As our Board Excellence team engages with boards for either best-practice workshops or board reviews, one of the key characteristics I am looking out for early on is an initial sense of the relationship between the Chairman and the CEO. This relationship has a profound impact on the board dynamics and overall effectiveness. In situations where this relationship is genuinely constructive, healthy & balanced, it becomes a key foundation stone in the overall partnership between the non-execs and exec board members that enables a high performance board. Where this relationship is either un-balanced or negative, it can cause severe problems for the board dynamics and can in many cases result in a dysfunctional board that ultimately lets shareholders & stakeholders down badly.

The Chairman – CEO relationship is a complex relationship in which it is quite challenging to achieve the optimal balance. A strong Chairman must achieve the delicate balance of genuinely holding the CEO’s feet to the fire on their own overall performance ( and by extension the overall organisation ) while simultaneously strongly supporting the CEO and executive team to achieve the organisation’s objectives. This spectrum of engagement from the chairman being prepared to fire the CEO for under-performance right over to rolling up the sleeves to be a highly effective sounding board to the CEO providing support on strategy, finance, sales, operations, M&A, crisis management etc., is a unique challenge for even the most experienced of Chairmen ! As Chairman, he/she must enable a culture of genuine challenge at the board to enable all of the non-exec board members discharge their key oversight duties by constructively challenging the CEO & executive team, digging below the surface to understand key performance aspects, debate key decisions and strategy formation with the CEO/executive team etc.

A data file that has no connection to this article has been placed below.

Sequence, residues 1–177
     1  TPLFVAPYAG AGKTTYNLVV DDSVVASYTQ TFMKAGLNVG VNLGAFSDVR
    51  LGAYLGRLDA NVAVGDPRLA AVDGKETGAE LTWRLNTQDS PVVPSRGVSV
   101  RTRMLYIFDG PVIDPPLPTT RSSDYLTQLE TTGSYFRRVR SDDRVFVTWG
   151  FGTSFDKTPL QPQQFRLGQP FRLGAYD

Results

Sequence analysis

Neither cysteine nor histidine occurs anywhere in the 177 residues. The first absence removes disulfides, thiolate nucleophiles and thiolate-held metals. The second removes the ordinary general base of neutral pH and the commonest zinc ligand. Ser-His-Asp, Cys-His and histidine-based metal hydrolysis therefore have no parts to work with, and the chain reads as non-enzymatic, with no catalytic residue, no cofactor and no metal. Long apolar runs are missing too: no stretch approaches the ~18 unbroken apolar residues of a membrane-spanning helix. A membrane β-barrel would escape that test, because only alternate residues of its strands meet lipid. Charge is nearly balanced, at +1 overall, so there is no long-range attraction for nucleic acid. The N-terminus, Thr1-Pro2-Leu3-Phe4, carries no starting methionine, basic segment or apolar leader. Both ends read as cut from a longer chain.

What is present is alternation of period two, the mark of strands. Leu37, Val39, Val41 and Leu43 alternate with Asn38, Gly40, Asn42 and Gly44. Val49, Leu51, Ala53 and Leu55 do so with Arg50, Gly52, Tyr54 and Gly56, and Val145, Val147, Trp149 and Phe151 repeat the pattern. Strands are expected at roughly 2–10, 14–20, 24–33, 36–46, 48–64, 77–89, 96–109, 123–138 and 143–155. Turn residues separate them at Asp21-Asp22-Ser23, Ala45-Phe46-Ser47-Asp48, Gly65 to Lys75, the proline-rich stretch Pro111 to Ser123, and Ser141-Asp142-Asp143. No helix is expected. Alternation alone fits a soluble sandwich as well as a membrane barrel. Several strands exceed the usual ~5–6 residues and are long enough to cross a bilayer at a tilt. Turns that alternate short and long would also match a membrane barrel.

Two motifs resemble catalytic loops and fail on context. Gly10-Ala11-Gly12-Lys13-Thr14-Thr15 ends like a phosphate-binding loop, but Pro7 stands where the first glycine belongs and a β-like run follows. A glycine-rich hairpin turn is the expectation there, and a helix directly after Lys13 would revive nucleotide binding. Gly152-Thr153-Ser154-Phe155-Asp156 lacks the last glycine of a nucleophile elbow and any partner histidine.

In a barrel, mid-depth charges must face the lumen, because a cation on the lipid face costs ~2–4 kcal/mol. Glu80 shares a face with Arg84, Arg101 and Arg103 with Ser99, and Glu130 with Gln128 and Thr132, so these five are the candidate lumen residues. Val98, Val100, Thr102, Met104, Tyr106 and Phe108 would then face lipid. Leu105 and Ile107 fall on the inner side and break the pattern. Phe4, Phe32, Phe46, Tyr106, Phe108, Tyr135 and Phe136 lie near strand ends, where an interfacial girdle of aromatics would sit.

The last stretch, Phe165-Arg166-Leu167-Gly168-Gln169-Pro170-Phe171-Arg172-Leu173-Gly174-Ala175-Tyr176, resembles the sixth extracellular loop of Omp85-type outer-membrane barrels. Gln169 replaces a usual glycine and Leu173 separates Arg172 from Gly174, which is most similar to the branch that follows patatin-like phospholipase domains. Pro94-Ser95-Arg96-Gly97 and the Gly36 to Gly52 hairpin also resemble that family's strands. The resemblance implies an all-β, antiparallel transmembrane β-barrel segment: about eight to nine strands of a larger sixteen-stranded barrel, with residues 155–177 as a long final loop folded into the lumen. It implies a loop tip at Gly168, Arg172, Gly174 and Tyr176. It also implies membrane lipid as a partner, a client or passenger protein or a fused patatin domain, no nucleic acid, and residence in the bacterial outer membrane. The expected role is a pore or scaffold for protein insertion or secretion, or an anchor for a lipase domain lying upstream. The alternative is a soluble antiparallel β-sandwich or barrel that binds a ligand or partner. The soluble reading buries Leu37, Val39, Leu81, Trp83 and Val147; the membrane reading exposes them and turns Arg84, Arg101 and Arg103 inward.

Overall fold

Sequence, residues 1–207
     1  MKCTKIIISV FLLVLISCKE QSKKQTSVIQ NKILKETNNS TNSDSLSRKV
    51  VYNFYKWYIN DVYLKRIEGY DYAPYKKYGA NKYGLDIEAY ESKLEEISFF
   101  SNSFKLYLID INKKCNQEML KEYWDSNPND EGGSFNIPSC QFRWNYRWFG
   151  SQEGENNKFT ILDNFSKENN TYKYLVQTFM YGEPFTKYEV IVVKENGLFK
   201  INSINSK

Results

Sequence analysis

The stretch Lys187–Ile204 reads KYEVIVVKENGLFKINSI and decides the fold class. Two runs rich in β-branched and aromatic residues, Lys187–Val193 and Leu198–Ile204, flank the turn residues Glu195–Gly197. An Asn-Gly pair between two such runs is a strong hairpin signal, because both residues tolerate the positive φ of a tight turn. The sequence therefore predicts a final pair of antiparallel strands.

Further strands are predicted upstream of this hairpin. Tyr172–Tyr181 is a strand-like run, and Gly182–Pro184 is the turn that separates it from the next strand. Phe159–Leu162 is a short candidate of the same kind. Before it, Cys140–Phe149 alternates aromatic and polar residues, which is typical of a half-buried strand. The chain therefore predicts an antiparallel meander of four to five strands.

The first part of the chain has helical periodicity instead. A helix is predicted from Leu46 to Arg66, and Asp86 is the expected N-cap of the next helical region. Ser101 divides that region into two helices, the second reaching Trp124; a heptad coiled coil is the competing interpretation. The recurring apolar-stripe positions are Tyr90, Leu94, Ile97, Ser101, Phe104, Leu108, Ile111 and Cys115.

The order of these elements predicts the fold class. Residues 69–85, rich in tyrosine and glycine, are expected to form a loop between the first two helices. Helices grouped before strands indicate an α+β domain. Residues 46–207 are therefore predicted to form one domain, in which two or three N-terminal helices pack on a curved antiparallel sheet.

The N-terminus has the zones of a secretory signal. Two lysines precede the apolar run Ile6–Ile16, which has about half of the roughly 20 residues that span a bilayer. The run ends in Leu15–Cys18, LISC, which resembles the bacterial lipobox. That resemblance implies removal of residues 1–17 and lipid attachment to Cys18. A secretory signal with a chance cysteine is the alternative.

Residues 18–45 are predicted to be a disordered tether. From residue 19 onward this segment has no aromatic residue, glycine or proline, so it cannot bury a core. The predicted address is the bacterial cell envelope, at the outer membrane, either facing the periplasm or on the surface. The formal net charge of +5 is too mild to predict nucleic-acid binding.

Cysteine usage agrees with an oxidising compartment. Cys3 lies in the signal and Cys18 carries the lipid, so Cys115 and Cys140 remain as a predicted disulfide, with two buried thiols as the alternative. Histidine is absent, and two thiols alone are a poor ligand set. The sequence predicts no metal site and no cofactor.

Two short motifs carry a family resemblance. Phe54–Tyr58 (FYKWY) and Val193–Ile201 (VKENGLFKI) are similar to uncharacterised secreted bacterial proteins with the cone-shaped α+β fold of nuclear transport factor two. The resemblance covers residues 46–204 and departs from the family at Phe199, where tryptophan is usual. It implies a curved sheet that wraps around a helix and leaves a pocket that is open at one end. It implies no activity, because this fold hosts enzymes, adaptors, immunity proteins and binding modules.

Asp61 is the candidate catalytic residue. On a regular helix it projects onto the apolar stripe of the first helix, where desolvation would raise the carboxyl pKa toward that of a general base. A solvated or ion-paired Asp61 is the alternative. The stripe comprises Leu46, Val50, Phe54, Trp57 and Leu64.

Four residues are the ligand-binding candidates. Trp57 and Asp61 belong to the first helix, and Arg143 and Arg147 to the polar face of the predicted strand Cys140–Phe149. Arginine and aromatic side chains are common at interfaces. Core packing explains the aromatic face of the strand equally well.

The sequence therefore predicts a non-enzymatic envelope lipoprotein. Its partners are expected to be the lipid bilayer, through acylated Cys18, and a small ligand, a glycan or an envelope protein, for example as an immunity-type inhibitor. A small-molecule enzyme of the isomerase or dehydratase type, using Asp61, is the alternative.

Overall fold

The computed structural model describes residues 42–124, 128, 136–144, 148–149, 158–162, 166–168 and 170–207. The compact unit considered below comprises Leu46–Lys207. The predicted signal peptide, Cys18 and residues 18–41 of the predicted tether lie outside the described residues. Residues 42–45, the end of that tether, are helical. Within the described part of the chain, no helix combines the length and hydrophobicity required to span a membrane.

A strong CEO recognises this dual set of responsibilities of the Chairman and holds up their part of the bargain in terms of genuinely “walking the talk” in terms of

  • openness and accountability for their own , executive team and organisational performance
  • demonstrating the utmost respect towards all board members
  • comfortable in facilitating and supporting genuine challenge and debate
  • flagging early serious issues that could impact the organisation ( irrespective of the consequences & implications for their own and other executive team member’s positions )

In return, a CEO leverages considerable benefits from a strong Chairman who has tremendous experience, wisdom and independence that can act as a highly valuable sounding board, provide key support in times of stress and roll up the sleeves to add serious value in times of genuine crisis.